Despite their history of anti-Semitism, white supremacists and related far-right elements have increasingly been moving away from rhetoric against Jews and focusing their hatred on Muslims instead. Taking a look at any popular white supremacist forum, one is likely to find a great deal more posts railing against “Eurabia”, “creeping shari’ah” and other Islamophobic red herrings than one is to find much discussion on Zionism and Jews. Granted, you will still find references to “Jewish bankers” and the like, but these topics have much less “red meat” for your modern bigot to sink his teeth into. One even finds anti-Semitic canards being transferred from Jews to Muslims, whether they fit or not, such as replacing the “Kol Nidre” (all vows) argument against the trustworthiness of Jews with the “taqiyya” libel against Muslims; or the identification of Islam as an ethnicity. Far-right parties in Europe are increasingly synthesizing their race-hatred of North African, Middle Easter, and South Asian immigrants with a rabid Zionism. While these parties are not Christian Identity in nature, their demagogic leaders receive accolades from many on “white nationalist” forums with heavy Christian Identity presence, such as Stormfront.
It is not unlikely that a great number of Christian Identity believers and those attracted to it could be swayed to the more traditional Zionist form of British Israelism, given the high praise many are willing to give to Zionist extremists for opposing Muslims. Increasingly, these people are calling Muslims “the main enemy”, while Zionists are only seen as a “minor enemy”. But just as David Duke, for the sake of political expediency, dropped Catholics from the list of the Klan’s enemies during his tenure as Grand Wizard, it seems a small step from “minor enemy” to “no enemy”, and on from there to “ally”.
Brit-Am Israel: Modern British Israelism from a Rabbinical Jewish Perspective
Since the early nineties, an Israeli Rabbi named Yair Davidy, founder of the Brit-Am Movement of the Ten Tribes, has been working to revive British Israel doctrine. His teachings are in the philo-Semitic and Zionist spirit of the original movement, but differ in that they he is an Orthodox Jew (while the original movement was a thoroughly Protestant affair), and strongly opposes any attempt to convert Jews to Christianity (which the early British Israelists assumed would happen as a matter of course). His teachings are mostly a rehash of nineteenth century British Israel thought: the “ten lost tribes” of Israel settled in Western Europe, becoming the forefathers of the white people of Western Europe and America. But whereas the original British Israel movement was largely unconcerned with Islam, Brit-Am Israel is intensely anti-Islamic. Rabbi Davidy refers to Muhammad (salallahu alayhi wa sallam) as a “madman”, states that Muslims hate all Israelites (he chalks Muslim hostility to western imperial powers are coming from hostility towards their “Israelite” descent), encourages the “Lost Tribes” (white Europeans and Americans) to start colonies in Syria, Lebanon, and surrounding nations, advocates as mass expulsion of all Palestinians to a western nation (possibly Brazil, for some reason), “for their own good”.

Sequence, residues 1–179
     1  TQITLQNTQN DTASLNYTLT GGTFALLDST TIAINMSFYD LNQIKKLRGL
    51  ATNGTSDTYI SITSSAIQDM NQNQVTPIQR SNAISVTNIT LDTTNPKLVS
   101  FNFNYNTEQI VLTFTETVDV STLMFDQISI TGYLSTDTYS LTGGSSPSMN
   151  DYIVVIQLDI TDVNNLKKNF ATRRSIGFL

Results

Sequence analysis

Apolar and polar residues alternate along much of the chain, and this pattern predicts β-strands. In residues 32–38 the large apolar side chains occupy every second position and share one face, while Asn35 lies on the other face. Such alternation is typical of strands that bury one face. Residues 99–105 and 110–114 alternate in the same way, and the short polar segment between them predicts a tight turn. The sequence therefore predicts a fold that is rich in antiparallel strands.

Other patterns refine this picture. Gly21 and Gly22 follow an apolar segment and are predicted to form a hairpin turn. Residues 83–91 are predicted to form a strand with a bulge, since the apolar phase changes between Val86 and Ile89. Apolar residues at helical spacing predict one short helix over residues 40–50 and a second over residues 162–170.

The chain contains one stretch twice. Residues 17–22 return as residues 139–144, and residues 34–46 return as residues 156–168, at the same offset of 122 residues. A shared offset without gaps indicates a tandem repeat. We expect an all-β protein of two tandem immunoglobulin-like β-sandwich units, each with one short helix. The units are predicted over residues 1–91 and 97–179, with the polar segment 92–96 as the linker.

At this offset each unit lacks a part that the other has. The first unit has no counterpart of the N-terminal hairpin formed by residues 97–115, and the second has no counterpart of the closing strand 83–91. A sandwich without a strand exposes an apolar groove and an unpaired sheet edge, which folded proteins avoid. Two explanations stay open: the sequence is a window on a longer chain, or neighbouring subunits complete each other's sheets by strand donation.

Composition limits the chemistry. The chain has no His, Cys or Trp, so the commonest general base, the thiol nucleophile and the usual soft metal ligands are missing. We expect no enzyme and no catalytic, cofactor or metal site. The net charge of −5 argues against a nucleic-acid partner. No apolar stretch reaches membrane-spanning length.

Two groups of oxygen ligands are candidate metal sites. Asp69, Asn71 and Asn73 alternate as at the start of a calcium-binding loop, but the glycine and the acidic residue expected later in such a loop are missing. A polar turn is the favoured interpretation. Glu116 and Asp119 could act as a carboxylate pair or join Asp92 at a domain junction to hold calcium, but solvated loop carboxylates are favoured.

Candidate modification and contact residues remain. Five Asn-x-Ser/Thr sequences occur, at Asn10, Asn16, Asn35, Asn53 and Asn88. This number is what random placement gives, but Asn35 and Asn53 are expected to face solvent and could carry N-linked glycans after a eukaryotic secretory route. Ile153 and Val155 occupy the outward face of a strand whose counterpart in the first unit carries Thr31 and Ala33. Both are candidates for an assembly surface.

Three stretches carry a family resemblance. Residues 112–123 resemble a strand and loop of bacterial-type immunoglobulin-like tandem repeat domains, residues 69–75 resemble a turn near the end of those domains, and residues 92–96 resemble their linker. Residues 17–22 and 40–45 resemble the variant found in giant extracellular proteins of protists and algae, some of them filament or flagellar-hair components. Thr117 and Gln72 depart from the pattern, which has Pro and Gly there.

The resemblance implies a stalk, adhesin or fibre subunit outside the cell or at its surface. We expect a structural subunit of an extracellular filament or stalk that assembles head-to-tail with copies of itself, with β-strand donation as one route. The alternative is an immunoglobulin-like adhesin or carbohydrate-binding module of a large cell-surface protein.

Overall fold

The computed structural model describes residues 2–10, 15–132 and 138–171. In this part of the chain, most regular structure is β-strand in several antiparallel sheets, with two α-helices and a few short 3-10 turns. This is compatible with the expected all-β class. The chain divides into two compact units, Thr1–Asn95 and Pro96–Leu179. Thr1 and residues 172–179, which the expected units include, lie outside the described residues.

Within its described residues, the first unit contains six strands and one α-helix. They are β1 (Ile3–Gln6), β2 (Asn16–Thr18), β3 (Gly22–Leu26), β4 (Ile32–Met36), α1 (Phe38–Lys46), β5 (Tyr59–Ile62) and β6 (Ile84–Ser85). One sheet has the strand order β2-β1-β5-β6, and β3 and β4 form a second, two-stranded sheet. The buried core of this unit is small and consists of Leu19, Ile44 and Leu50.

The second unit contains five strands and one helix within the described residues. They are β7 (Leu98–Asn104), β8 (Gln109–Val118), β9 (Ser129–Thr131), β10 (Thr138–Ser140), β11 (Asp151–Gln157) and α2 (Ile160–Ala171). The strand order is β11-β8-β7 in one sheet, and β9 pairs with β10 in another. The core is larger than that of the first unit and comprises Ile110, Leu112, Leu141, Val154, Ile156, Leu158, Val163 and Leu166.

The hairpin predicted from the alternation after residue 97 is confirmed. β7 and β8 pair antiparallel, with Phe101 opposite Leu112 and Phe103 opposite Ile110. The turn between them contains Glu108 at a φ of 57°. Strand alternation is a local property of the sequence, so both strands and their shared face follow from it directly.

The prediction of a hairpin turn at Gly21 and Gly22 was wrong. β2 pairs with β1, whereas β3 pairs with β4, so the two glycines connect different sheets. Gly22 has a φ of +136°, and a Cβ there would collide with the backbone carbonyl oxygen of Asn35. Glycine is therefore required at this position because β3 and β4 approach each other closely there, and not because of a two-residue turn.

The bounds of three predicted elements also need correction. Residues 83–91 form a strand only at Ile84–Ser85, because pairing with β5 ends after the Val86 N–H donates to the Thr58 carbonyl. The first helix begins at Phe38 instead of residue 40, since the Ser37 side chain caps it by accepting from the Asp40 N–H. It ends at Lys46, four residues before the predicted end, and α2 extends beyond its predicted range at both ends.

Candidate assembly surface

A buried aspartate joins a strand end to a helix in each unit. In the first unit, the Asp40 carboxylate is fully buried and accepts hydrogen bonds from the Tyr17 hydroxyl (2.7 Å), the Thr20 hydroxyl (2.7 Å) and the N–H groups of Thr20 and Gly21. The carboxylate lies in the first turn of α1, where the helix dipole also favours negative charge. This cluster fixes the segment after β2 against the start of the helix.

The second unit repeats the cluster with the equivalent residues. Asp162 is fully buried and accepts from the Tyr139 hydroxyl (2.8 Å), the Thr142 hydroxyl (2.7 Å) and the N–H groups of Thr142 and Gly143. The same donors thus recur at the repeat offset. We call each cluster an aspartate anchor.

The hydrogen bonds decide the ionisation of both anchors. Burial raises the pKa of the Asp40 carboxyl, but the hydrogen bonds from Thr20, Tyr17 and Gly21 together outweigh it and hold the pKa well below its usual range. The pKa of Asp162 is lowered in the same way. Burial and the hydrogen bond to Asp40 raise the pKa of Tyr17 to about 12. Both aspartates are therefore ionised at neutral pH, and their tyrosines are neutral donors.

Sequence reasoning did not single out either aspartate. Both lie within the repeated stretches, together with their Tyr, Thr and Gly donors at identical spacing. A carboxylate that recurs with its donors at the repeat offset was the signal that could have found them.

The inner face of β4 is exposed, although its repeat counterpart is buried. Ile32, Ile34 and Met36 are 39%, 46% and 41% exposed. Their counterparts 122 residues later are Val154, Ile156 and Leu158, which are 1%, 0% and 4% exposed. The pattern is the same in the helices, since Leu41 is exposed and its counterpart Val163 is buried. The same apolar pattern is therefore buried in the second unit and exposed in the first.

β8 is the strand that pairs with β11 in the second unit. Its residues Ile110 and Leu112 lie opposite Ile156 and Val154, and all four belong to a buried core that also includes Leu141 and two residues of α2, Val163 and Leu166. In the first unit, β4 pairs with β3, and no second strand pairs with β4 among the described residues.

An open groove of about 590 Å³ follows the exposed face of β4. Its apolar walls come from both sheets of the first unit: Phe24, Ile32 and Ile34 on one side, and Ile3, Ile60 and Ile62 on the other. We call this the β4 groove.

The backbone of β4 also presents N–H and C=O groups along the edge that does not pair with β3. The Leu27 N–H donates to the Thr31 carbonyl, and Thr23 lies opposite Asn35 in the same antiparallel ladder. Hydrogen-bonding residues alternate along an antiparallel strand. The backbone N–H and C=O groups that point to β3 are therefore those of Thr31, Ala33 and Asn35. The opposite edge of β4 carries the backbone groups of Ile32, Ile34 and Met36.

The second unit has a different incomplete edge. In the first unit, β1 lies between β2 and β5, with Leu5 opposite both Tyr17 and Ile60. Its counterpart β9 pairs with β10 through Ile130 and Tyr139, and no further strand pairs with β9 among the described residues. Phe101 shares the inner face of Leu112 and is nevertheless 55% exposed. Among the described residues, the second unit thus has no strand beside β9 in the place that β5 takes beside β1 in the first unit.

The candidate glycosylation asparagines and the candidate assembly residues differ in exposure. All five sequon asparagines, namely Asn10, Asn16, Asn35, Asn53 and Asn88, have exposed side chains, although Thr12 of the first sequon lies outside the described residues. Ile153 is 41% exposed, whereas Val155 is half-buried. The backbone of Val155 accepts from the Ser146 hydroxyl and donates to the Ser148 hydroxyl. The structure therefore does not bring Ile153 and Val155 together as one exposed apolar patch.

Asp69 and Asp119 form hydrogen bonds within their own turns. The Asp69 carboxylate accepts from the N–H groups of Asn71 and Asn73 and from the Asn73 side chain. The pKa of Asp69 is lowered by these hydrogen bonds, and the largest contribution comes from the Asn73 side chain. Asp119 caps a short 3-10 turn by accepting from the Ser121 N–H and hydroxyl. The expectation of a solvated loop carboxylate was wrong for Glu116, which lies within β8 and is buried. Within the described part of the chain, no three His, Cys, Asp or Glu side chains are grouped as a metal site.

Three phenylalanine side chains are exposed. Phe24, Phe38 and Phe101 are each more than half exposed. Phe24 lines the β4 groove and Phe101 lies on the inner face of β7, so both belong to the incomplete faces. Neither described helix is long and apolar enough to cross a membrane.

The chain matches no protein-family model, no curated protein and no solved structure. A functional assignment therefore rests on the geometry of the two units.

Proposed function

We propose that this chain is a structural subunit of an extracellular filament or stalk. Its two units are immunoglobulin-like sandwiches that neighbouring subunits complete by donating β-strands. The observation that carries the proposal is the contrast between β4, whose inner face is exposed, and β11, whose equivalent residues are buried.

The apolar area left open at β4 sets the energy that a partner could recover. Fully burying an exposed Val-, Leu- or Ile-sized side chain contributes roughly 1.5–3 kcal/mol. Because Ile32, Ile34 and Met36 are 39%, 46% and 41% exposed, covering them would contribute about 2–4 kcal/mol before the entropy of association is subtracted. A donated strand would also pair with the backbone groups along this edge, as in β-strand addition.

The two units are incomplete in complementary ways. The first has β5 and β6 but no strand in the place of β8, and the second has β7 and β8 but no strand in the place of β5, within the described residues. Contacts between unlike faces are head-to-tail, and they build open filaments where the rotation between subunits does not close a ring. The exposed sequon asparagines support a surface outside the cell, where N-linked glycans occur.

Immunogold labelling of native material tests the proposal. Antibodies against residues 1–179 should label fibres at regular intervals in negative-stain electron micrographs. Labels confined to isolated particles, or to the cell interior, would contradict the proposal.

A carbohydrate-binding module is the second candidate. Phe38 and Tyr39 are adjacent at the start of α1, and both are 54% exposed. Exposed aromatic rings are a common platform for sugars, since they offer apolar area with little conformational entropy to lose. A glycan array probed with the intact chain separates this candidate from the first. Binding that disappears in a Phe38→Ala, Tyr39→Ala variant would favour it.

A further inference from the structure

Davidy is not well-known at this time, but his synthesis of a white-supremacist doctrine which identifies western European and American white people as chosen by God to lead the world, mixed with militant and fanatical anti-Islamic, Zionist rhetoric, is likely to reverberate with many people on the racist right, especially young people who have developed racist ideals, but for whom “the enemy” has always been Muslims and who see Zionists as liked-minded individuals of the same struggle. I can see Islamophobic young men and women, filled with a newfound sense of Israelite identity and entitlement to the land of Palestine, traveling to the Middle East to form the colonies (and, most likely, armed militias) that Davidy proposes. The identification of western European and American whites with the descendants of the Israelites (and thus, in Zionist parlance “rightful owners” of the land of Palestine) is an incendiary and irresponsible ideology which synthesizes the worst elements of Talmudic Zionist racism with White Supremacism, and one which, if it gains any amount of influence, can only breed violence.